Penn State

The spotted lanternfly is causing havoc in Pa. Why it will be in Centre County ‘eventually’

How to help stop the spread of the spotted lanternfly

Penn State Extension shares how to identify and remove eggs of the spotted lanternfly which is an invasive bug in eastern Pennsylvania.
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Penn State Extension shares how to identify and remove eggs of the spotted lanternfly which is an invasive bug in eastern Pennsylvania.

An invasive species of insect from Asia, called the spotted lanternfly, puts dozens of Pennsylvania’s plants and crops at risk, as well as leaves “honeydew” behind after feeding, which can create a mess for homeowners.

While it’s not a problem in Centre County yet, it likely will be.

The spotted lanternfly was first found in the United States in 2014 in Berks County. Since then, it has spread to 13 counties in southeastern Pennsylvania, which is designated as a quarantine zone.

There’s a lot of research going on at Penn State to learn more about the biology and behavior of the spotted lanternfly, as well as the best insecticides to use to kill it and other effective management tactics that aren’t chemical, said Heather Leach, spotted lanternfly extension associate at Penn State.

The host list for the spotted lanternfly includes 70-plus species, and that’s continuing to grow as more is learned about the insect, she said.

“The threat really is not limited to any one specific crop or plant and so that makes it really difficult to manage,” she said.

What the lanternfly does — and how to stop it

Efforts to keep the pest from spreading out of the quarantine zone, Leach said, include requiring that businesses that transport material check to make sure they’re not also letting the spotted lanternfly hitch a ride; suppressing and reducing the populations in the quarantine zone; and building a “moat” around the quarantine zone.

Some homeowners in the quarantine zone have reported issues with “honeydew” — the spotted lanternfly uses its piercing sucking mouthpart to suck plant sap out of the trunk, branches and leaves of plants, she said. But with the nutrients it’s getting, also comes sugar water, which the lanternfly excretes as waste, or honeydew.

She said the honeydew can start to accumulate near where the lanternfly feeds (like a tree overhanging someone’s deck). Then “sooty mold” can grow, feeding off the honeydew.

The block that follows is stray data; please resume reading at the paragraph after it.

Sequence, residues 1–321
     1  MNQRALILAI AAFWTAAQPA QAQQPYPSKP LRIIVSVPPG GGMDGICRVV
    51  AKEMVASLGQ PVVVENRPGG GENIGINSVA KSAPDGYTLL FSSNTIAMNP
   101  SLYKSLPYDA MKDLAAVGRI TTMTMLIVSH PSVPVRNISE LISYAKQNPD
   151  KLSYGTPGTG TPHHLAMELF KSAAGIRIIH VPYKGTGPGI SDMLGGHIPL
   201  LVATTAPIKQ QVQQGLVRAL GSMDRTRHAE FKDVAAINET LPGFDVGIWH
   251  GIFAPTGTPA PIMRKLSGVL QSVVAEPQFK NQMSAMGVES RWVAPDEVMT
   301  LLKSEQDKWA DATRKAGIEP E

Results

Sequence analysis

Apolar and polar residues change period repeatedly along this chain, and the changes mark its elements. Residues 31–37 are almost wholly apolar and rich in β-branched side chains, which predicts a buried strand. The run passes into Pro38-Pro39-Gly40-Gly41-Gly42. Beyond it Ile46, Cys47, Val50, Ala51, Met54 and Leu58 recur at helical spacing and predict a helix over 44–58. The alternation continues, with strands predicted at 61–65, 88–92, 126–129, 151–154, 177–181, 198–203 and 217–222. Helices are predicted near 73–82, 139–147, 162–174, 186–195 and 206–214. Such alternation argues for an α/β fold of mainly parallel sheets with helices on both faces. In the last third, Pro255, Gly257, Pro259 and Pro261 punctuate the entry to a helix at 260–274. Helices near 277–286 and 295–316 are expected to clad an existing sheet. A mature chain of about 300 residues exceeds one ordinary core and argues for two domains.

People have had to power-wash their decks, and Leach said she’s some gotten complaints of people having trouble selling their homes in the quarantine zone because the honeydew and sooty mold.

Will it come to Centre County?

Centre County, for now, is free of the pest.

“There have been isolated reports of individual insects, but no established populations in Centre County. These are most likely insects that ‘hitchhiked’ there on vehicles or items being transported out of the quarantined area,” Shannon Powers, press secretary for the Pa. Department of Agriculture, said in an email. “Most reports in Centre County have turned out to be other insects.”

Each reported sighting is investigated by a team that confirms the insect’s presence and then surveys thoroughly to determine whether there are others, she said.

The state Department of Agriculture has tracked reported sightings since 2014.

“The potential for it spreading is, to be frank, really high,” Leach said.

The state and federal ag departments are doing a great job keeping the insect contained in Pennsylvania, Leach said, but it’s an insect with a population that is very high and controlling it is really difficult.

“I do expect it to come to Centre County eventually. Whether that’s next year or in a few years, I’m not quite sure,” she said.

Leach said she thinks county residents should be aware of the pest and check to see if they have tree-of-heaven — one of the spotted lanternfly’s preferred hosts and also an invasive species — in their backyards. If so, they may want to consider removing them or, at least, keep an eye on them and use them as a monitoring tool.

Are Christmas trees safe?

And with the holidays approaching, it wouldn’t be a bad idea to check your Christmas tree for egg masses. Leach said the spotted lanternfly doesn’t feed on Christmas trees, but it’s not out of the realm of possibility that they could lay eggs on them.

Egg masses are about an inch to an inch and a half long and look like a “gray splatter of mud,” Leach said, adding that underneath that covering is rows of seed-like eggs (about 30 to 50 in each egg mass).

If you do find egg masses, they can easily be removed and killed, Leach said, by scraping them off the surface with a credit card, putty knife or even a stick and then making sure all the eggs are smashed. (You also can place them in alcohol, Powers said.)

Were you to bring an egg mass inside on your Christmas tree accidentally and the nymphs hatched, which Leach said is really unlikely, they would die within a few hours because they’re weak and wouldn’t have anything to feed on. They wouldn’t hurt humans or pets, she said.

“The best thing that we can do is get early reporting in Centre County because if it’s here, if we spot it ... early on in the population ... we’d be able to come in (and) eradicate that population locally,” Leach said.

If you suspect you’ve seen a spotted lanternfly or egg mass, you can report it online at extension.psu.edu/spotted-lanternfly or call 1-888-4-BADFLY.

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